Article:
Alec Baldwin’s deadly shooting on the set of “Rust,” which killed cinematographer Halyna Hutchins and wounded director Joel Souza, brings an important question to the fore: Can Hollywood survive its stars?
They constantly lecture us from their ivory towers on things they know little to nothing about. Yet their collective judgment is often shown to be among the worst of any group of people.
While Americans can understand and forgive accidents, “Rust” horror stories emerging through law enforcement documents and film crew complaints show the reality was far worse than just a simple mishap. Multiple indictments for manslaughter are likely.
Beyond this current tragedy, Baldwin’s hypocrisy is stunning. He’s been a fervent gun control advocate, yet has now killed someone with a gun in a movie in which he stars and is the executive producer. He once mocked former Vice President Cheney for accidentally shooting and injuring a hunting partner, calling him a “terrorist.” In 2017, he tweeted about a Huntington Beach police officer, musing “I wonder how it must feel to wrongfully kill someone.”
And who could forget Baldwin’s years of incendiary and dishonest portrayals of President Trump on Saturday Night Live — depicting him and associates as openly undermining American democracy? Ironically, it was Baldwin and his associates doing that. The good natured ribbing of past presidents on SNL from the likes of Chevy Chase, Dana Carvey and Will Ferrell took a vicious and sinister turn under Baldwin. No wonder why SNL ratings have plunged by 35%.
Baldwin is far from alone. In recent times, Hollywood continually embarrasses itself and our country with scandal after scandal.
Academy Award winner Harvey Weinstein was one of the most acclaimed producers of our time as co-founder of Miramax. Yet the #MeToo movement also exposed him as one of the most prolific sexual predators of our time.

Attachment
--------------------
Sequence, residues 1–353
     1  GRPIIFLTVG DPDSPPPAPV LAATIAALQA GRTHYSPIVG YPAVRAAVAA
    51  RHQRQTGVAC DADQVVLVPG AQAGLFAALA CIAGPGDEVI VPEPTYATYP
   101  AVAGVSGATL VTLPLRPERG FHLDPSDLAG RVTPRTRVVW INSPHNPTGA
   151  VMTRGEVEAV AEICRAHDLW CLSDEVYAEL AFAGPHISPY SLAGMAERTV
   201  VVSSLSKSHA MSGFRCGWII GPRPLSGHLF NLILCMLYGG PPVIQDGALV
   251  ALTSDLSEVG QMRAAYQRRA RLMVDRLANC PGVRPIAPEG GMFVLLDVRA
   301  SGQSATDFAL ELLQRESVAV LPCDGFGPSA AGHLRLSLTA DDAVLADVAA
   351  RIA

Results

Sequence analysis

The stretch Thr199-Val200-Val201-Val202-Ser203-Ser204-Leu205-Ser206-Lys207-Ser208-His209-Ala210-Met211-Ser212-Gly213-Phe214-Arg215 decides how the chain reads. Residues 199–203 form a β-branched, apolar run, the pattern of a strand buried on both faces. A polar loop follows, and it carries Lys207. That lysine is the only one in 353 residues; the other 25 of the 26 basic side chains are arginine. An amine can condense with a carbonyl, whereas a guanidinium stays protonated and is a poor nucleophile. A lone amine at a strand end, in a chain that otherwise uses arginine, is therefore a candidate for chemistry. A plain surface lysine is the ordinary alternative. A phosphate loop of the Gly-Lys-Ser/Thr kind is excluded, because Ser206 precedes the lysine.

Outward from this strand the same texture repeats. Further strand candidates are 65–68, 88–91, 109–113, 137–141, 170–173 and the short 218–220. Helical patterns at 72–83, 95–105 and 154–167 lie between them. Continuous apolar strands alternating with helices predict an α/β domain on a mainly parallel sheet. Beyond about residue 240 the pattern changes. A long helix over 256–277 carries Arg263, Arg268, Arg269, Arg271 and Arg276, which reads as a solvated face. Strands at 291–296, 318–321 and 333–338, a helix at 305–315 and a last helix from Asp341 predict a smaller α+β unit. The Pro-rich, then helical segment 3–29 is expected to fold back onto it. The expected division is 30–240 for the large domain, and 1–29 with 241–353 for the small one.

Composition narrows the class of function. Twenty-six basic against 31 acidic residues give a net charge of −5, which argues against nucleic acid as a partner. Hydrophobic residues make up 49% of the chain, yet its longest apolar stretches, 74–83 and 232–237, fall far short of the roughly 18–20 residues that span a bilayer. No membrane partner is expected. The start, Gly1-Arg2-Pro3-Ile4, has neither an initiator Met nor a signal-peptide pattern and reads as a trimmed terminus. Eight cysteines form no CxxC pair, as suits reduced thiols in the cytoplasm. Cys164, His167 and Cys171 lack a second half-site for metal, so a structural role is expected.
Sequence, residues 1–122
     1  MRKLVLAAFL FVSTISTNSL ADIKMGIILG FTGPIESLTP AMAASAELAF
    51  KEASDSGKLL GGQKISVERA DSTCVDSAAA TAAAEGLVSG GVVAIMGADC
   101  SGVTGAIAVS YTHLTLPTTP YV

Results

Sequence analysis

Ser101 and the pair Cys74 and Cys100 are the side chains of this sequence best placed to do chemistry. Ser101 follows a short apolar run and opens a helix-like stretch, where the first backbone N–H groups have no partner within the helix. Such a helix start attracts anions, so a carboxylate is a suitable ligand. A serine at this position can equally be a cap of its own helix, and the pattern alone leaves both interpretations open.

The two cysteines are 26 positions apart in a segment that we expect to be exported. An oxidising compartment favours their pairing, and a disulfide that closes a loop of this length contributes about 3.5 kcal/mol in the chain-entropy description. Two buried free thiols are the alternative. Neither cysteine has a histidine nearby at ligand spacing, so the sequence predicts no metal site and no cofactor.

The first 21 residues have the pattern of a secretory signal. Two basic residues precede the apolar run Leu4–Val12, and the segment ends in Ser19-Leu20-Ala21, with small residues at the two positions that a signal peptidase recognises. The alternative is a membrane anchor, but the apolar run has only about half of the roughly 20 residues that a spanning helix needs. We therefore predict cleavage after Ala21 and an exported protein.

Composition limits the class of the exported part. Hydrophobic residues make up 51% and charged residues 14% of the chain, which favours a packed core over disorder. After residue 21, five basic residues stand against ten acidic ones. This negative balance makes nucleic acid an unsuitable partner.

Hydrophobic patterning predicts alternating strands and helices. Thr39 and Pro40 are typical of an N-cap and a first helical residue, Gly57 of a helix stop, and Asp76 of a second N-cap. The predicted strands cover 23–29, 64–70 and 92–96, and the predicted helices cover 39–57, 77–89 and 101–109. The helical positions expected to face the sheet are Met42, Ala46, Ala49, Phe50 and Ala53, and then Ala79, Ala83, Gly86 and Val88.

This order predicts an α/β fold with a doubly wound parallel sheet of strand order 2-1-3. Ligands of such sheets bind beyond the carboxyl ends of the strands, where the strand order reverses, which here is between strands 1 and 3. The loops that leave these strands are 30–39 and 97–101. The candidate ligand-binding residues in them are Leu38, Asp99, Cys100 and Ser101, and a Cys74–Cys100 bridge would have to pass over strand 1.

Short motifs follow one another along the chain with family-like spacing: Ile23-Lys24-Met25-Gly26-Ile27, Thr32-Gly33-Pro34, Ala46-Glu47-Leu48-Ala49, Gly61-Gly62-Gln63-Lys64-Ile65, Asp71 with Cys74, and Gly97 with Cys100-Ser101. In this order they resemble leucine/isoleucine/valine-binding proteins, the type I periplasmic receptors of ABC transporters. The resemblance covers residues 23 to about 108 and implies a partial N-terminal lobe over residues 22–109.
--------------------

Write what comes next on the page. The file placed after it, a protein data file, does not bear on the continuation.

Varsity Blues, a.k.a. the pay to play scheme for Hollywood parents to cheat their children’s way into prestigious universities by faking athletic credentials, falsifying test scores, etc. showed numerous recognizable faces caught red-handed. The Daily Caller has kept a running log.
Beyond outright criminal behavior, anti-American and pro-Chinese sentiment coming out of Tinsel Town is now normal. Bowing down before the Chinese Communist Party and access to its 1.4 billion-person market appears to outweigh alienating half of America’s 330 million.
Actor and wrestler John Cena probably takes the cake with his groveling one-minute apology spoken in Mandarin because he inadvertently referred to Taiwan as a “country” while promoting the premier of “Fast & Furious 9.”
The producers of the new “Top Gun” removed the flags of Japan and the Republic of China, a.k.a. Taiwan, from Tom Cruise’s iconic jacket in the 1986 film to avoid offending Beijing’s censors.
DC Comics just changed Superman’s slogan from “Truth, Justice and the American Way” to “Truth, Justice and a Better Tomorrow.” Global audiences must like it better.
But jabs at America’s expense aren’t just limited to slogans. Over half of the past 10 Academy Awards for Best Picture went to films depicting our country as hopelessly racist, homophobic and/or corrupt. Two foreign films, one French and one Korean, which avoided such tropes were refreshingly and somewhat miraculously among the 10 winners.
Speaking of foreign films, in an era of increasing cinematographic parity overseas, it’s easy to imagine entertainment hubs in Europe and Asia overtaking Hollywood.
Despite the big budget of the latest James Bond film, “No Time to Die,” it was beaten at the global box office by a Chinese propaganda film called the “Battle at Lake Changjin,” which celebrated fighting Americans during the Korean War. Geez, after the 27th installment of 007, who saw that coming?
So who needs Hollywood these days when we can apparently get better, cheaper and more original content directly from China?
Or South Korea. Its sci-fi thriller “Squid Game” just became the most popular Netflix series ever with reportedly 111 million “fans” in just 28 days. Or Britain and its “Harry Potter” franchise, which represents the third-highest grossing film series ever.
Though it edges out “Harry Potter” in second place, do we really need more than 12 movies from “Star Wars?” Despite all the virtue signaling from Disney, which owns the rights, most Americans still probably don’t know the Chinese version of their posters cut or shrunk black characters like Finn. Despicable.
Alec Baldwin reminds us that Hollywood’s business model these days is pathetic and might not survive its stars.
J.D. Gordon is a former National Security & Foreign Policy Advisor to Republican leaders Donald Trump, Mike Huckabee and Herman Cain. Previously, he served as a Pentagon spokesman during the George W. Bush Administration and is a retired Navy Commander.